Women and non-academic institutions less likely to get work published

Fascinating study in the European Heart Journal this week. Winnik et al analyzed all 10,020 abstracts submitted to the World Congress of Cardiology 2006 in Barcelona (which combined the ESC and World Heart Federation congresses) according to whether they were accepted or rejected for presentation and whether accepted studies were oral or poster presentations. Of these, 3104 (31%) were accepted as posters and 701 (7%) for oral presentation.

Introduction and Methods: Through a 4-year follow-up of the abstracts submitted to the European Society of Cardiology Congress in 2006, we aimed at identifying factors predicting high-quality research, appraising the quality of the peer review and editorial processes, and thereby revealing potential ways to improve future research, peer review, and editorial work.Methods and resultsAll abstracts submitted in 2006 were assessed for acceptance, presentation format, and average reviewer rating. Accepted and rejected studies were followed for 4 years. Multivariate regression analyses of a representative selection of 10% of all abstracts (n= 1002) were performed to identify factors predicting acceptance, subsequent publication, and citation. A total of 10 020 abstracts were submitted, 3104 (31%) were accepted for poster, and 701 (7%) for oral presentation.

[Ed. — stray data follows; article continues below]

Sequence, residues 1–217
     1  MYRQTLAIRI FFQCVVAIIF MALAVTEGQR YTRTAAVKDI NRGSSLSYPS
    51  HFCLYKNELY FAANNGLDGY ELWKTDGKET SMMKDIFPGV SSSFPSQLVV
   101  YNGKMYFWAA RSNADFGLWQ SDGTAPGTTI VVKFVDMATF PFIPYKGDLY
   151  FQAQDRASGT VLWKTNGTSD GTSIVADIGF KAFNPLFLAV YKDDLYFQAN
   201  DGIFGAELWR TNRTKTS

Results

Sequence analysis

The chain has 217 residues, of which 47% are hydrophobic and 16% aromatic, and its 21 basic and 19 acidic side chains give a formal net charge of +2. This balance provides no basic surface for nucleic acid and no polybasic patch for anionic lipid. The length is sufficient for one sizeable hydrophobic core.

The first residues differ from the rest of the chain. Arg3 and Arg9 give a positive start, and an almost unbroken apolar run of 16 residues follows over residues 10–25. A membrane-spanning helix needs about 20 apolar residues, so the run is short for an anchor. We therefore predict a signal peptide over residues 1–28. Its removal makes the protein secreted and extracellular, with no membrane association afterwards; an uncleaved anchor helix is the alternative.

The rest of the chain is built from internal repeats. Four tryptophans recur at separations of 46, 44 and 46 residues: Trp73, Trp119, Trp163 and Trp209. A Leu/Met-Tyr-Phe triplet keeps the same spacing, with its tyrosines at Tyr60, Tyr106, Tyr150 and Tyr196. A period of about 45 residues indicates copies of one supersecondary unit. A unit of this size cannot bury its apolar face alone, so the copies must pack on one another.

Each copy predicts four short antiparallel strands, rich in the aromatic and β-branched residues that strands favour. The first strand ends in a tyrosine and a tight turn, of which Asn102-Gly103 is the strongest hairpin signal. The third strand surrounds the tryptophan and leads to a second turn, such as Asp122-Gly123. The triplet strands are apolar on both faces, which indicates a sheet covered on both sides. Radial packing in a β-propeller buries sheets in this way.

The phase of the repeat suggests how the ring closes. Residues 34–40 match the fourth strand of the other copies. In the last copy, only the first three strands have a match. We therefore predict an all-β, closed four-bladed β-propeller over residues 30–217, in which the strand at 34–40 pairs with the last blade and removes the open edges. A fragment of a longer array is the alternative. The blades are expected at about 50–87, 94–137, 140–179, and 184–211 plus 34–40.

Results: At Congress level, basic research, a patient number ≥ 100, and prospective study design were identified as independent predictors of acceptance. These factors differed from those predicting full-text publication, which included academic affiliation. The single parameter predicting frequent citation was study design with randomized controlled trials reaching the highest citation rates. The publication rate of accepted studies was 38%, whereas only 24% of rejected studies were published. Among published studies, those accepted at the Congress received higher citation rates than rejected ones.

Conclusions: Research of high quality was determined by study design and largely identified at Congress level through blinded peer review. The scientometric follow-up revealed a marked disparity between predictors of full-text publication and those predicting citation or acceptance at the Congress.

Commenting on their findings for the heart.org, the authors stated that:

Female senior authors are 50% less likely than males to have their work published in a peer-reviewed journal and that nonacademic institutions are less likely than academic ones to have research published.

Any thoughts on this? I think this reinforces the need for double blinded reviewing.